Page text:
• Models: MLflow models are a standard for distributing machine learning models in a variety of flavors. There are a number of tools available to assist with the deployment of various models. Each model is then saved as a directory with arbitrary files and an ML model description file that identifies the flavors in which it can be used.

  • Registry: This offers you a centralized model store, UI and set of APIs, to collaboratively manage the full lifecycle of your MLflow Model. It provides model lineage, model versioning, stage transitions, and annotations.

Similarities between Metaflow and MLflow

Metaflow and MLflow share a few things in common. Perhaps the first one is the fact that both tools are open source. That is, they are easily accessible and free to use by anyone. Beyond this, there are other similarities as highlighted below:

  • Both platforms are scalable and make use of Python. However, it is important to notice that they do it in different ways, which we discuss below.

  • Both can be used for tracking experiments and versioning models. In fact,  Metaflow versions and tracks all your data automatically.

  • They both have user interfaces. In MLFlow, you can use the tracking UI to visualize, search and compare runs. The UI also allows you to download metadata or run artifacts for analysis in other tools. As for Metaflow, the platform recently added a user interface as a separate add service for monitoring your metaflow executions.

Major Differences between Metaflow and MLflow

As much as Metaflow and MLflow share similarities, the two platforms have several significant differences that we present below:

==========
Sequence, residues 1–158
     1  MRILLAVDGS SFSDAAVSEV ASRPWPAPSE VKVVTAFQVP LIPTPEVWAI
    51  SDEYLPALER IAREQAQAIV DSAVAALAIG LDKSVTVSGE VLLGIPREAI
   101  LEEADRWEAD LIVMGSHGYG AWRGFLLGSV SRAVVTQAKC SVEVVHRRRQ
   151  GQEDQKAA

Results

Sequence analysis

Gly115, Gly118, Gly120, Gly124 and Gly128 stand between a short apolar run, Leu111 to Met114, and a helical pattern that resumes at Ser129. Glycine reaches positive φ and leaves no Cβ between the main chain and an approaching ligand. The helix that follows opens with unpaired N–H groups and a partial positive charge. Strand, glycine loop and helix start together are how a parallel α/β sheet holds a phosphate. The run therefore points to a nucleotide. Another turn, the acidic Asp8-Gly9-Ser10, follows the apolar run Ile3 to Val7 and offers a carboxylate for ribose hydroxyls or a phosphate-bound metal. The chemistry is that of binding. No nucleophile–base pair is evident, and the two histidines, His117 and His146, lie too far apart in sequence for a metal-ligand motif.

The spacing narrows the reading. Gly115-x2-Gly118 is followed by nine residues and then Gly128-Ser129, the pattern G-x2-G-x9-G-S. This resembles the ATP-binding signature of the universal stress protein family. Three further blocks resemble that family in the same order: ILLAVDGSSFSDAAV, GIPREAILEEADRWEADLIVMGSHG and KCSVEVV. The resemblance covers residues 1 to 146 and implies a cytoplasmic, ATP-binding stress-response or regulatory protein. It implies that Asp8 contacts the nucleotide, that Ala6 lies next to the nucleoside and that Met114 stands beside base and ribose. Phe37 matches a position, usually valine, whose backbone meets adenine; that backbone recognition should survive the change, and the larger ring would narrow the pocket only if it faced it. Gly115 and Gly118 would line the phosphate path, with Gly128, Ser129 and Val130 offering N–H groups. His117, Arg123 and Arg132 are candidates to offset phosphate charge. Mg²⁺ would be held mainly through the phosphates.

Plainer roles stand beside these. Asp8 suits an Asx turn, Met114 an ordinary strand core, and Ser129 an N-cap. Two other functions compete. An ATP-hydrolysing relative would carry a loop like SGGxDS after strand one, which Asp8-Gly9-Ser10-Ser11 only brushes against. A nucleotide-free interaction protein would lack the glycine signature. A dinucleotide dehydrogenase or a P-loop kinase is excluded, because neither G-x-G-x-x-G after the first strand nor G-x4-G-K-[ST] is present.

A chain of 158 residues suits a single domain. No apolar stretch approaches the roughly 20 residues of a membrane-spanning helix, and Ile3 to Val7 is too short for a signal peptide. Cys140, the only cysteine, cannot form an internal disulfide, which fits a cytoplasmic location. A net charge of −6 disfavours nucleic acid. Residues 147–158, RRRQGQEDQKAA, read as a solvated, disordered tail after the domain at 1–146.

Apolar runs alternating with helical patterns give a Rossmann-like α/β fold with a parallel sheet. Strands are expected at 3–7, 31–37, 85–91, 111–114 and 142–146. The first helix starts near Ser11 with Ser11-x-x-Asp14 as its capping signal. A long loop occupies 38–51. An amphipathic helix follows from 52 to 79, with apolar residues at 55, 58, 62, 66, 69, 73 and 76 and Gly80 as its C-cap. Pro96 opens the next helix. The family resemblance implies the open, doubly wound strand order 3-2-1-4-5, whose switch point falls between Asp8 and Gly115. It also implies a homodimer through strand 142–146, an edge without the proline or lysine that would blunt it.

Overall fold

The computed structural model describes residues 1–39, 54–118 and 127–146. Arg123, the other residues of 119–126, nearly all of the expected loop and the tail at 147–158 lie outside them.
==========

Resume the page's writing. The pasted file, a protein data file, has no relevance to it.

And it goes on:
• Metaflow was originally developed at Netflix to help you design your workflow, run it at scale, and deploy it to production, while MLflow was originally built by Databrick to help you manage the end-to-end machine learning lifecycle including packaging ML code, experiment tracking, model deployment and management.

  • Unlike Metaflow, MLflow cannot be used for pipeline orchestration. Infact, the primary focus of Metaflow are pipelines while the primary focus of MLflow is experimentation.

  • As it was mentioned above, both platforms use Python. Metaflow is pretty Python opinionated: it is completely built as a Python library. In the meantime, MLflow is language agnostic. It has a Python/R/Java and REST API. The project steps are defined as shell commands. Thus, MLFlow is somewhat decoupled from the programming language.


If you have a large team interested in large in-production use-cases and you've already got a good set of tools for most things, Metaflow is a great option for you.  The power of Metaflow is in the fact that its approach is opinionated. It may not fit every use case, but when it does, it is powerful and simple to work with.

However, if you would like to standardize the whole ML workflow and help data scientists to organize themselves better around experiments and machine learning models, MLflow is a viable option. 

Valohai as an Alternative for Metaflow and MLflow

[CAUTION: Opinions ahead] We didn't just write this article to help choose between Metaflow and MLflow; we think we've built a better alternative.


With Metaflow, you'll likely be looking at building production pipelines with it and supplementing other areas with tools such as BentoML (model deployment). This may be a good approach as you can adopt these parts as you need them, but ultimately adopting more open-source tools comes with more overhead.

Meanwhile, what if your team needs a tool that combines the values and benefits of Metaflow and MLflow together? How do you do tracking and versioning, pipeline orchestration, and model deployment, all in one platform? Valohai addresses both issues.

Screenshot of Valohai executions

Valohai is  a managed platform with a 2-week free trial period.


If you are interested in learning more, check out:

This article continues our series on common tools teams are comparing for various machine learning tasks. You can check out some previous Metaflow and MLflow comparison articles like:

Free eBookPractical MLOpsHow to get started with MLOps?